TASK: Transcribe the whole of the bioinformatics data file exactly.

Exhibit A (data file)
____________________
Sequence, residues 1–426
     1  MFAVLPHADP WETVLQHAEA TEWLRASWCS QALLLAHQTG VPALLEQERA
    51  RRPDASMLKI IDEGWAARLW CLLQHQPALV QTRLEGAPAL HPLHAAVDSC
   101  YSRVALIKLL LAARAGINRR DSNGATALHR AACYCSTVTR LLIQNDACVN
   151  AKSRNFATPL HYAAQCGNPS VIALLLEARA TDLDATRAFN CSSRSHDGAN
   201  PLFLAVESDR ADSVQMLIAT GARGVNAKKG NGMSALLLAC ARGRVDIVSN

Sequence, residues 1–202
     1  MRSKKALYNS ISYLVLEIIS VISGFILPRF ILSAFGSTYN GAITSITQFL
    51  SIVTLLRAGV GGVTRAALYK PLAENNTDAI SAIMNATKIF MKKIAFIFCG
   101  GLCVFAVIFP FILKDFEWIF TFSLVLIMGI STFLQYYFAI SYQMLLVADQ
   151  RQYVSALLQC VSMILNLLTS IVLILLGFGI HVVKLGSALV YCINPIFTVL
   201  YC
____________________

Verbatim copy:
Sequence, residues 1–426
     1  MFAVLPHADP WETVLQHAEA TEWLRASWCS QALLLAHQTG VPALLEQERA
    51  RRPDASMLKI IDEGWAARLW CLLQHQPALV QTRLEGAPAL HPLHAAVDSC
   101  YSRVALIKLL LAARAGINRR DSNGATALHR AACYCSTVTR LLIQNDACVN
   151  AKSRNFATPL HYAAQCGNPS VIALLLEARA TDLDATRAFN CSSRSHDGAN
   201  PLFLAVESDR ADSVQMLIAT GARGVNAKKG NGMSALLLAC ARGRVDIVSN

Sequence, residues 1–202
     1  MRSKKALYNS ISYLVLEIIS VISGFILPRF ILSAFGSTYN GAITSITQFL
    51  SIVTLLRAGV GGVTRAALYK PLAENNTDAI SAIMNATKIF MKKIAFIFCG
   101  GLCVFAVIFP FILKDFEWIF TFSLVLIMGI STFLQYYFAI SYQMLLVADQ
   151  RQYVSALLQC VSMILNLLTS IVLILLGFGI HVVKLGSALV YCINPIFTVL
   201  YC